DoE exploring energy efficiency initiatives in remote areas

Date Published: 
October 4, 2020
  • (Photo: BusinessWorld)
    (Photo: BusinessWorld)

(PE2 note: This BusinessWorld article cites PE2 president Alexander Ablaza’s estimates of PHP 97.1 billion of potential EE financing of government financial institutions to public sector EE projects in the next 10 years.)

THE Department of Energy (DoE) is seeking to promote energy efficiency investment in remote areas, specifically for agriculture and the so-called “last mile” of power service delivery to rural communities.

The new initiative hopes to achieve the full implementation of Republic Act No. 11285, or the Energy Efficiency and Conservation (EEC) Act.

“The DoE has been looking into the last-mile access projects for electricity and we have been engaging with the agriculture pre- and post-harvest facilities that are RE (renewable energy) own-use and are very energy efficient,” Energy Undersecretary Felix William B. Fuentebella revealed in a recent webinar.

“We are now in the process of expanding our coverage of putting up energy-efficient systems even in remote schools and health facilities,” he added.

Republic Act No. 11285, or the Energy Efficiency and Conservation (EEC) Act was passed last year and is in the process of being implemented, according to the department’s Energy Utilization Management Bureau.

“We are aggressively working on the policy issuances and regulations outlined in the EEC Act to mobilize investment,” Patrick T. Aquino, the bureau’s director, told BusinessWorld.

Last month, the DoE passed its guidelines for the certification of energy service companies or entities that aid in creating energy efficiency projects.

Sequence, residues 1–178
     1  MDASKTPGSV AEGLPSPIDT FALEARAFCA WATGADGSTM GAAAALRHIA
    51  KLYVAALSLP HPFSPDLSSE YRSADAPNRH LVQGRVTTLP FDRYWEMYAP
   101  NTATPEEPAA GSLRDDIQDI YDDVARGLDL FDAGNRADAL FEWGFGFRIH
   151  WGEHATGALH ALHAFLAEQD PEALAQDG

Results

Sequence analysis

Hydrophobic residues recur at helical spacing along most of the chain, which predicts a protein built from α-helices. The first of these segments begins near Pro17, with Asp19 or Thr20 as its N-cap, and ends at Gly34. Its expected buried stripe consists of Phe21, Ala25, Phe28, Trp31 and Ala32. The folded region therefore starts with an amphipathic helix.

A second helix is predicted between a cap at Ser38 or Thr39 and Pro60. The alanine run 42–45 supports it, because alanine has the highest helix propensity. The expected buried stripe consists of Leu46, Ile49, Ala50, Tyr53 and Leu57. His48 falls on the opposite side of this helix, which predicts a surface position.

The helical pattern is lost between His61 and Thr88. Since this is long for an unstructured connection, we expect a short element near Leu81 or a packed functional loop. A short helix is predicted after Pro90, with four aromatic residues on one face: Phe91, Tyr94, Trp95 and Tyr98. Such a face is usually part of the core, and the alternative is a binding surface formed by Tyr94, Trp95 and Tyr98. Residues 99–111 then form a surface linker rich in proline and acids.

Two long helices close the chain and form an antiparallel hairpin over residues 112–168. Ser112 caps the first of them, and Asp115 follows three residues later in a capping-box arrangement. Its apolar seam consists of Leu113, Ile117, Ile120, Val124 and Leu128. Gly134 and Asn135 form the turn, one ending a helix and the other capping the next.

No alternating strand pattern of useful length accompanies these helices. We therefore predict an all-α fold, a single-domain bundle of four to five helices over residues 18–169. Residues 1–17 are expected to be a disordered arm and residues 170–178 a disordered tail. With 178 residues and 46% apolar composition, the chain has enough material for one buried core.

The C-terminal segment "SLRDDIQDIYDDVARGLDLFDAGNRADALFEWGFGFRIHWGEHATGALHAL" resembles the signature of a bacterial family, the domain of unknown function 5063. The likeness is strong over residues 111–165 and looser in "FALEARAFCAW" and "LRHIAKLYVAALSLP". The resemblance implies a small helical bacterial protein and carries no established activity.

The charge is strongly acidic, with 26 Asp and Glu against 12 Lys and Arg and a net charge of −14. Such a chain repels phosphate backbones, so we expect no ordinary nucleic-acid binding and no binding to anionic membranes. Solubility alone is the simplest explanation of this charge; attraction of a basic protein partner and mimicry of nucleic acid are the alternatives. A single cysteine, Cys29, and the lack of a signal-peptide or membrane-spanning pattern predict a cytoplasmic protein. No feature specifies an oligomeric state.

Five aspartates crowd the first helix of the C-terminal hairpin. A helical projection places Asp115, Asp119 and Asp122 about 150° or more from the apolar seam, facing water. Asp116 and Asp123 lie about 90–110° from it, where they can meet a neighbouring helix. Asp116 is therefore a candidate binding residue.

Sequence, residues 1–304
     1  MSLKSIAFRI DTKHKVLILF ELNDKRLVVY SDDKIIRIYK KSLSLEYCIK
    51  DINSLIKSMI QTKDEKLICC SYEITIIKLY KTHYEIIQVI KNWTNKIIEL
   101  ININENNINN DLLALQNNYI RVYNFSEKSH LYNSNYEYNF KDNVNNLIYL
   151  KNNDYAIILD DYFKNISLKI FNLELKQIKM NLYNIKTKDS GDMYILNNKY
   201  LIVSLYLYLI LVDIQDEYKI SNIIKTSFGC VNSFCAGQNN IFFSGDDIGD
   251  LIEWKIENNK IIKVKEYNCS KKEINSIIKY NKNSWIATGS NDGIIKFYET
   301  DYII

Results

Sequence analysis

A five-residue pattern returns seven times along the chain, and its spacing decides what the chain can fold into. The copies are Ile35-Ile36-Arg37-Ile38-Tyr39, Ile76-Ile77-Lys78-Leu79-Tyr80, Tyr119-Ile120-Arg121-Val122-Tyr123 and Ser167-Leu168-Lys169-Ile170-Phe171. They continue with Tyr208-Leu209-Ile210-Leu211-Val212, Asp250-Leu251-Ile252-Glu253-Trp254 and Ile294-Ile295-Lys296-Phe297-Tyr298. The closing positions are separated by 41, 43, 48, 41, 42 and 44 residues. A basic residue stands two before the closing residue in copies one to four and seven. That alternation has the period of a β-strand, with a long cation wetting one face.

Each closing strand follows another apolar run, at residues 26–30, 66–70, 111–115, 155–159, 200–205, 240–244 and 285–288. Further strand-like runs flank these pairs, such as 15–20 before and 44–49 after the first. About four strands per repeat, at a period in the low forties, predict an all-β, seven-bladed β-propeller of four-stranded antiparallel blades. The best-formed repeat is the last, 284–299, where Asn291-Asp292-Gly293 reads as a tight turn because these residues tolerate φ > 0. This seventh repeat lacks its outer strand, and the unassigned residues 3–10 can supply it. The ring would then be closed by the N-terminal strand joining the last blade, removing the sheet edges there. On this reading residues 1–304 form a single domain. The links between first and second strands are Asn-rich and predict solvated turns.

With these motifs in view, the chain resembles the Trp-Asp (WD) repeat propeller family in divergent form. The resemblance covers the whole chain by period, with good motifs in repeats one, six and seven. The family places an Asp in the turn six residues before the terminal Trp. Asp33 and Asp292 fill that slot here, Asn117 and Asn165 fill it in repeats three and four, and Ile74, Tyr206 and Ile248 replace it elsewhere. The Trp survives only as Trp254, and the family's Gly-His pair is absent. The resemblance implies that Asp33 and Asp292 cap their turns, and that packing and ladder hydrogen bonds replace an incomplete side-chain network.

The department has yet to issue its guidelines for EEC developers seeking endorsement for tax incentives from the Board of Investments (BoI). The industry is in line for six years of tax breaks under the Omnibus Investment Code.

The DoE has not provided a target for EEC investment. Up to P97.1 billion could be lent by domestic banks to local government units (LGUs) for their energy efficiency projects over the next decade, according to the Philippine Energy Efficiency Alliance, citing an Asian Development Bank study.

The amount can “bridge the capital gap of public-building air conditioning and lighting retrofits, public-building rooftop solar plants, water district pump efficiency improvements, and LGU-led LED street lighting projects,” said Alexander Ablaza, the group’s president, in a virtual forum organized by the DoE Friday.

The DoE with the European Union-Access to Sustainable Energy Program is conducting online discussions with various stakeholders to promote EEC development.

Written/Posted by: 
Adam J. Ang

About PE2

Philippine Energy Efficiency Alliance Inc. (PE2), is a non-stock, non-profit organization of energy efficiency market stakeholders.

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Republic Act 11285

R.A. 11285 - An Act Institutionalizing Energy Efficiency and Conservation, Enhancing the Efficient Use of Energy, and Granting Incentives to Energy Efficiency and Conservation Projects

RA 11285 - Text

RA 11285 - Signed

IRR - Signed

Beyond COVID-19: How governments, ESCOs and innovative financial modalities can mobilize energy efficiency capital through 2040

Working Together to Bridge an Energy Efficiency Financing Gap


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Infographics on Roadmap Targets for Energy Efficiency and Conservation

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